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By Deacon Theodore Feldman

Holy Trinity Cathedral, Boston MA

Many of us are highly gratified that at last the financial crimes, the lies, the cover-ups, the silencing of those who spoke truth to power, have been laid out in the open. We have welcomed the apology published by the Holy Synod and Metropolitan Council and are breathing a sigh of relief, accompanied by the exclamation: “Finally!”.

I would like to ask, however:  Is this apology, posted on the OCA website and elsewhere, a confession? Is it possible to confess over the internet?

Confession is a first step towards the healing of one’s relationship with the community of the faithful and with God. What must be the context of confession?

We confess in the Temple of God and in the presence of the community of the Church (the priest standing in for the community, for practical reasons).

We confess our sins, and the community responds with prayer. That is the rite of confession. The context of confession, then, is the Body of Christ gathered in prayer. This is the beginning of healing.

Welcome as it may be, therefore, the public apology of the Synod and Metropolitan Council is not a confession. It cannot effect the healing that is worked by confession made in the midst of the worshipping community. Where then can we find that healing?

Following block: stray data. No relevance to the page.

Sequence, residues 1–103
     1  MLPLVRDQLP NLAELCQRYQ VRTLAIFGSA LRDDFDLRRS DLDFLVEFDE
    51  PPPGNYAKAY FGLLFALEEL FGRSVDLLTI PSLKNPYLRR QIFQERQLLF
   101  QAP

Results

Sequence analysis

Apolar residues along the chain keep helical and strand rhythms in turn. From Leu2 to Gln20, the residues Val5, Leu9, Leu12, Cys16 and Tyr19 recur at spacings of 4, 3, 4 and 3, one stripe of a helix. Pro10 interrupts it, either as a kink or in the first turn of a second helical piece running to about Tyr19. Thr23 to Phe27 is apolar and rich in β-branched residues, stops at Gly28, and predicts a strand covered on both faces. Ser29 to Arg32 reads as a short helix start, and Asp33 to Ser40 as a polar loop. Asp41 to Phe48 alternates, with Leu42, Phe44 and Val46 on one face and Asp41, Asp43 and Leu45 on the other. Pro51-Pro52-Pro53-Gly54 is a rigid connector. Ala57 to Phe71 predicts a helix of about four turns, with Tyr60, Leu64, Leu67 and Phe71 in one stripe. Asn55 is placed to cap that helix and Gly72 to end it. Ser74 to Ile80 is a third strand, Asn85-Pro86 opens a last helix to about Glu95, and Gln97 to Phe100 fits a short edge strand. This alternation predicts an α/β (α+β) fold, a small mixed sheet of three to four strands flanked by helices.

Certainly the individuals of the Synod and Council will make their confessions. But given the public character of the harm that has been done, the usual mode of private confession does not seem sufficient. Indeed, even in our parish life we find that individual, private confession does not suffice for the full healing of the Church, for we supplement it with the rite of forgiveness – as do many monasteries on a daily basis. The rite of forgiveness supplies what is lacking in individual confession: direct contact with the worshipping community.

The rite of forgiveness was proposed for the All American Council, but because of the large numbers involved a truncated version was adopted. Let our bishops then lead us in the full rite of forgiveness, in all our parishes. If it is not practical to visit every parish for this purpose, several neighboring parishes might meet together as they did for the “town meetings.” This would be a truly sacramental beginning to the process of healing.

In this way we may hope to escape the infinite regress of recrimination and self-justification, in which we are now caught.


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